SUNDERLAND’s promotion ambitions were stymied in March by an arbitrary cut-off point to last season. They cannot afford for the same thing to happen again.

No one knows whether this campaign will make it through to May. No one knows whether it will even reach the point where the season will be called and promotion places decided on positions in the table at the time.

The one certainty is that playing catch-up will not be the best option, so when points are sitting there begging to be grabbed as they were at The Valley, they have to be snatched with both hands.

Sunderland spurned that opportunity on Saturday. They cannot afford to do it very often in a race that will be won from the front. That should mean that whichever of Phil Parkinson’s strikers fires first will find himself in the line-up every week.

The partnership of Danny Graham and Aiden O’Brien was far too fluid and mobile for a makeshift Charlton defence, but when it came to the only moments that truly matter, it misfired.

Graham’s panicky slash at a perfect low cross from the excellent Josh Scowen three minutes before half-time which sent the ball ricocheting around the banks of empty seats behind the Charlton goal proved to be the vital miss.

It was one miss and one game, so under normal circumstances no reason for concern, but a normal sense of perspective may not apply this season.

The frustration was evident in Parkinson’s comments afterwards. He said: “The life of a striker, as everybody knows, is that you’ve got to keep getting in the six-yard box. If you miss chances, you’ve got to be brave enough to keep getting in there again.

“I believe we’ve got the strikers who have got that bravery. If they keep getting in there and we keep producing the quality, we’ll get goals.

“Danny and Aiden looked a threat in partnership. If you look at the strengths of both players they should link up well. One holds the ball up well, the other likes to run into the channels. It’s that final moment that we lacked. We should be talking about an excellent performance from the two front players. But they know they are paid to put the ball in the net.”

Tomorrow’s EFL Trophy game against Carlisle will no doubt give Will Grigg and Charlie Wyke the opportunity to convert whatever chances come their way and force Parkinson’s hand after the international break.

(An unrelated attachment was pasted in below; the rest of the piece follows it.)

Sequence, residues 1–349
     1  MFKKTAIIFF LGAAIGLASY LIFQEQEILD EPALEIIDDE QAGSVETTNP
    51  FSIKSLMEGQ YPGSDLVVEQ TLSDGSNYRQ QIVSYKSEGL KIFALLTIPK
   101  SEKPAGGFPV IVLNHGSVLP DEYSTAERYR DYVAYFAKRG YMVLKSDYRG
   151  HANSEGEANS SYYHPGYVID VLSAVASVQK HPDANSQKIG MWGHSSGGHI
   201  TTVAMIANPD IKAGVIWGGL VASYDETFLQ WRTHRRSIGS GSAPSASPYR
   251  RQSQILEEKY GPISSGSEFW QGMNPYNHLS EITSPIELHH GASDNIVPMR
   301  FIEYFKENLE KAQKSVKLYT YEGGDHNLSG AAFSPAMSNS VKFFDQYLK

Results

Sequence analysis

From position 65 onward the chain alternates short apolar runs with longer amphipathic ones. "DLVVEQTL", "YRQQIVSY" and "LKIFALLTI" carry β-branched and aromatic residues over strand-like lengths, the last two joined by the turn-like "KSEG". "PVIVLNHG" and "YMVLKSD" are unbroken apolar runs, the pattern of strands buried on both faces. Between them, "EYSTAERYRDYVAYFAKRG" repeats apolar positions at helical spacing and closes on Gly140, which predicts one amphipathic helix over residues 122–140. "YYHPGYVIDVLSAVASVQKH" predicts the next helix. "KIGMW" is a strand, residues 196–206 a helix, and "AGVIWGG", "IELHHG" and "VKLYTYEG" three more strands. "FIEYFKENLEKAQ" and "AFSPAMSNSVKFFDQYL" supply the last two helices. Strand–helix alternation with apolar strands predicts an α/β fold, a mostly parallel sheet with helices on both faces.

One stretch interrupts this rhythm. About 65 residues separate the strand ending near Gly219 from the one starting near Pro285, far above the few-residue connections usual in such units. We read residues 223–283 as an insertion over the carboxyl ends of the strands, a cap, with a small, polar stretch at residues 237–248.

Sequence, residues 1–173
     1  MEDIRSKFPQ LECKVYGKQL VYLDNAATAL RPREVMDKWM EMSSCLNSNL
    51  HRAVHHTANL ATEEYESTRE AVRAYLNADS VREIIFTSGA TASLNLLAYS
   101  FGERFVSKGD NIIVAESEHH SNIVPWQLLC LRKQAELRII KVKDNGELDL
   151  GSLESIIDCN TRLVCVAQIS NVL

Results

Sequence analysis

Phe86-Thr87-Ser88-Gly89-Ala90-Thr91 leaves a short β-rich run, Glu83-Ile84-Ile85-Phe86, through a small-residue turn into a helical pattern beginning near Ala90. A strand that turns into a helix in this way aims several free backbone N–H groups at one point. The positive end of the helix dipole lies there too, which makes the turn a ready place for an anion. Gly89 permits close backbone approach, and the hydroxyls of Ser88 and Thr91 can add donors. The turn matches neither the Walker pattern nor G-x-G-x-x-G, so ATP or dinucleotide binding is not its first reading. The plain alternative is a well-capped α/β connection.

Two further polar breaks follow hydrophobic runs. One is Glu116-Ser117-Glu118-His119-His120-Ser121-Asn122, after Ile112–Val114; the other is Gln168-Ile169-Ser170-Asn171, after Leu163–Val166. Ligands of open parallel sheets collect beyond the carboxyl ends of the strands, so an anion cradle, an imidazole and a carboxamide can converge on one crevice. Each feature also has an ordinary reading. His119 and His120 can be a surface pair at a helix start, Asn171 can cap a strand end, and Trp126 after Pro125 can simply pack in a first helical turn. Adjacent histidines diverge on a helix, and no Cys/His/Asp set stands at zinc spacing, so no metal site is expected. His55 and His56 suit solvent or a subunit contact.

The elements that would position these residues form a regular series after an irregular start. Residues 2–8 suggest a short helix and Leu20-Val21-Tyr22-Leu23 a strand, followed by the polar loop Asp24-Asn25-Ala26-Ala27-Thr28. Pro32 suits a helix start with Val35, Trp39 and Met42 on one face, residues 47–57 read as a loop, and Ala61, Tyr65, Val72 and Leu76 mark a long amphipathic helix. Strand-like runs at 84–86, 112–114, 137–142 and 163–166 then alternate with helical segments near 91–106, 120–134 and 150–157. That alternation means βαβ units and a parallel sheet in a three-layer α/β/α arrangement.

What is clear is that last season’s safety-first football away from home has been banished. Sunderland drove at Charlton throughout and ought to have had the game won at a canter before half-time.

A stunning one-handed reflex save from Ben Amos kept out a Bailey Wright header while the home side were indebted to Ben Watson for throwing his body in the path of a Graham shot after Amos had parried an effort from O’Brien.

Scowen, in particular, was benefitting from a system which sucked players into the middle of the pitch and left room on the outside for a succession of Black Cats players to exploit.

“The way we switched play and made the pitch big was great,” added Parkinson. “We had overloads in wide areas with Scowen and (Jordan) Willis, (Luke) O’Nien down one side, and (Lynden) Gooch and Denver (Hume)and Flanners (Tom Flanagan) down the other.”

The irony was that a match which should have been won could have been lost following the 73rd-minute dismissal of Flanagan for halting the run of Conor Washington when the Charlton striker was through on goal.

Sunderland’s determination not just to keep the home side out, but to keep pressing for a winner impressed both Parkinson and Charlton boss Lee Bowyer.

Bowyer said: “I think Sunderland will be up there at the end of the season. They have good experience, good legs and they are better than when we played them two seasons ago. They were braver than us on the ball, too.”

Parkinson can be pleased with a four-game unbeaten start prior to the international break. The midfield looks solid, while the new system which allows for waves of overlaps down the flanks is creating chances. The missing piece is a familiar one. And this season is not one for it to resurface again.